Turkish lira slides on trade war unease, hit by 'flash crash'

ISTANBUL/ANKARA (Reuters) - The Turkish lira weakened more than 1% against the dollar on Monday, after briefly tumbling to 6.47 overnight in what market watchers described as a “flash crash” as Japanese investors cut risk assets over Sino-U.S. trade war worries.

FILE PHOTO: A money changer counts Turkish lira banknotes at a currency exchange office in Istanbul, Turkey August 2, 2018. REUTERS/Murad Sezer//File Photo

The lira stood at 5.8160 against the dollar at 0628 GMT, weakening from a close of 5.7540 on Friday. After a currency crisis wiped nearly 30% off the lira’s value in 2018, it has fallen 9% this year.

The China-U.S. trade war, which intensified in recent days, “means that EM FX will continue to weaken for the foreseeable future. In the absence of a thawing in trade frictions it remains a market to be structurally short EM and buy dollars on any dip,” currency analysts at Societe Generale said in a note.

On Friday, U.S. President Donald Trump announced an additional duty on some $550 billion of targeted Chinese goods, hours after China unveiled retaliatory tariffs on $75 billion worth of U.S. goods.

The latest friction, which sunk Asian shares Monday, has shaken confidence in the world economy and sent investors steaming to the safe harbors of sovereign bonds and gold, hitting emerging markets (EMs) like Turkey.

The brief plunge in thin overnight yen/lira trading was reminiscent of another “flash crash” on Jan. 3, when Turkey’s currency weakened to a similar level due to a global market sell-off and flight from risk triggered by concerns about slowing economic growth.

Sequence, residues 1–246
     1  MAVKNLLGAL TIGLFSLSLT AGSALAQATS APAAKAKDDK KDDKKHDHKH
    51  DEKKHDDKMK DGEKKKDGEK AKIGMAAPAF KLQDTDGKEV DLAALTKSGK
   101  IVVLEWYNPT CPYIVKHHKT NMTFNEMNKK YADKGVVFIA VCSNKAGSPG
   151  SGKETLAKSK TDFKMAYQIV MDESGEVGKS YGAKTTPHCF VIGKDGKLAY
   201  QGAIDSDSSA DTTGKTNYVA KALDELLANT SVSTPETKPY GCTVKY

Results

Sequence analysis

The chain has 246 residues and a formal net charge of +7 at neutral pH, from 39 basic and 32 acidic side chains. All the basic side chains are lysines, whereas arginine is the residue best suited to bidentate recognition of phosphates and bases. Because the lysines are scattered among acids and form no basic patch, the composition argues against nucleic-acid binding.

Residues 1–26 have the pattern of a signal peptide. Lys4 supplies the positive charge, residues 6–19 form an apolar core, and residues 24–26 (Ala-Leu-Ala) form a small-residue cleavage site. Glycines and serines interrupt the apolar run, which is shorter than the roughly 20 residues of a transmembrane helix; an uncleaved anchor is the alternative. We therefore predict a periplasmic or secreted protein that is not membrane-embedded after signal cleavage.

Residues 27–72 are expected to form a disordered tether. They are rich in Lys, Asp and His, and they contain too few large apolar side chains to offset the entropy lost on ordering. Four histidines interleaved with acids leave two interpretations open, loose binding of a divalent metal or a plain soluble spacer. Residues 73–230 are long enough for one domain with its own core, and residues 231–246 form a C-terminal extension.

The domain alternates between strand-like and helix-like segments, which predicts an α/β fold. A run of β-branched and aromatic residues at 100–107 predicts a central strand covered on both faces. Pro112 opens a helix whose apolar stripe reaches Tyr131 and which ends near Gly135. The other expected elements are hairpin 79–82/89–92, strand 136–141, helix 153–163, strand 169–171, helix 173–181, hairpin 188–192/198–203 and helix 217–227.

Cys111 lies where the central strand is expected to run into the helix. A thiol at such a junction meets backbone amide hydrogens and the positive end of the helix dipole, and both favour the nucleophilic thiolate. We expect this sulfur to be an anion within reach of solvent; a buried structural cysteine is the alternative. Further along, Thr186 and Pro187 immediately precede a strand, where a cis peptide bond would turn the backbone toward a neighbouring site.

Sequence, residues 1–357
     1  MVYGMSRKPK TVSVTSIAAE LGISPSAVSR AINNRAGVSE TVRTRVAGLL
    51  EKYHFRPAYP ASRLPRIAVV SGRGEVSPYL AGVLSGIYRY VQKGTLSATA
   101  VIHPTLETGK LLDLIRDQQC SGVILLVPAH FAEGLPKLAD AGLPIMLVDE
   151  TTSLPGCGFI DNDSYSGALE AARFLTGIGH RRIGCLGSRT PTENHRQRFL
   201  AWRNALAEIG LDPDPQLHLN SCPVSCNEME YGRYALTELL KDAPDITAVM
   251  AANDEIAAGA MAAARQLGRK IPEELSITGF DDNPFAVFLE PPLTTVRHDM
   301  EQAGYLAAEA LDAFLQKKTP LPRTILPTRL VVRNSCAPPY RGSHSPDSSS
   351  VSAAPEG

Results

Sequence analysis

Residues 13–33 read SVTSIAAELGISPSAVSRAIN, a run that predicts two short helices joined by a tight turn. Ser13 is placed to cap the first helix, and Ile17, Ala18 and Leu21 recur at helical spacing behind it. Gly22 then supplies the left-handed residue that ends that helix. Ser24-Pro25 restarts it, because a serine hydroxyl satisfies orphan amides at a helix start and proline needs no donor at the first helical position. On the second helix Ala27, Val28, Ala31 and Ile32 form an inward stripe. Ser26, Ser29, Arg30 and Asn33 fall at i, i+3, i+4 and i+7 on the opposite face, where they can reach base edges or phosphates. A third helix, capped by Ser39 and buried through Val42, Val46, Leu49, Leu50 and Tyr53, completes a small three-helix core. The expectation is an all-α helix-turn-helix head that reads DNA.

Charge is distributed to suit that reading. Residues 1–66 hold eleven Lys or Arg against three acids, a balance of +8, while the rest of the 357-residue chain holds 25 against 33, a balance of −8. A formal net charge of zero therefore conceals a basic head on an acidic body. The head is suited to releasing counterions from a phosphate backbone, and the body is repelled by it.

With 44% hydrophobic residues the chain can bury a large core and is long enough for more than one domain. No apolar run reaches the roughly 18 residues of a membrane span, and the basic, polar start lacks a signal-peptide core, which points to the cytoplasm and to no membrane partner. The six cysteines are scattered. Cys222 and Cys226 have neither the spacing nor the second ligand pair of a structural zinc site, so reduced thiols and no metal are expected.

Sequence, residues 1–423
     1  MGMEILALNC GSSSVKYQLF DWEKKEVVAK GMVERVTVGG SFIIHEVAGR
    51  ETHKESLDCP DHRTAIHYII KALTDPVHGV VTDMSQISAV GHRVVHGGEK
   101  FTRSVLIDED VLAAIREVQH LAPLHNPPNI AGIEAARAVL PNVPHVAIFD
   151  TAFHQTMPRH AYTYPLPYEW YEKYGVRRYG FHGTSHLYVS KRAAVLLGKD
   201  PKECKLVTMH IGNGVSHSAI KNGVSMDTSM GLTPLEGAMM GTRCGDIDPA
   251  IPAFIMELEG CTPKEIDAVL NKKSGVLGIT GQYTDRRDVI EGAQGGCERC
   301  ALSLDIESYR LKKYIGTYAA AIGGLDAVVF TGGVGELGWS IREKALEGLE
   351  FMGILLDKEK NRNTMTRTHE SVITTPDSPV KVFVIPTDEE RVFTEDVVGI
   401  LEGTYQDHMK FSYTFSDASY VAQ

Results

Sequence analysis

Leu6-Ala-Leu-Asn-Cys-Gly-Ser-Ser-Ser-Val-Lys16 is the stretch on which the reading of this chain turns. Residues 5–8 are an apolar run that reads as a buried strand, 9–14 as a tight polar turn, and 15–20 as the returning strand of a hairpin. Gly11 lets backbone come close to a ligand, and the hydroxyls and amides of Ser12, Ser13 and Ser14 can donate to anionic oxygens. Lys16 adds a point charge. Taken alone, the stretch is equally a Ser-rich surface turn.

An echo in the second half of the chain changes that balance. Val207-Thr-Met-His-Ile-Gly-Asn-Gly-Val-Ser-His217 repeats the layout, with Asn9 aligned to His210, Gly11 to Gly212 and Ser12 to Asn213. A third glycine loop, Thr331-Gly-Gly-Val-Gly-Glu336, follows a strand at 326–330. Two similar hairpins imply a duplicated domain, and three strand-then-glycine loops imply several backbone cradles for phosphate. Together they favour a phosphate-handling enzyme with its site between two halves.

“Looks like another flash crash out of Asia,” Timothy Ash, head of emerging market research at Blue Bay Asset Management, wrote on Twitter.

“(It) comes amid a new found weakening trend, driven by fallout from Argentina, concerns about global volatility and nervousness over Turkish monetary policy mix,” he said.

After having gained in recent months, the lira has been newly pressured by concerns over possibly rapid loan growth after a central bank decision to lower required reserves limits and boost returns for lenders with more than 10% loan growth.

The Turkish government has been looking to boost economic activity after the economy sank into recession last year.

The currency has also been hit after Ankara said last week that an air strike on a Turkish military convoy in northwest Syria killed three civilians, fuelling worries about Turkey’s military presence in the region.

The yuan’s fall to a historic low level amid the U.S.-China trade war triggered investors’ flight from risk, said a treasury desk trader at one bank, adding that this appeared to have led to stop-loss yen/lira trades.

The trader added the lira’s brief overnight spike had been exaggerated by the low volumes at that hour.

“While the yuan level has removed a large portion of the risk, the Sino-U.S. trade war is a factor which is strengthening every day and could trigger a global flight from risk in the period ahead,” he said.

Writing by Daren Butler; Editing by Uttaresh.V and Jonathan Spicer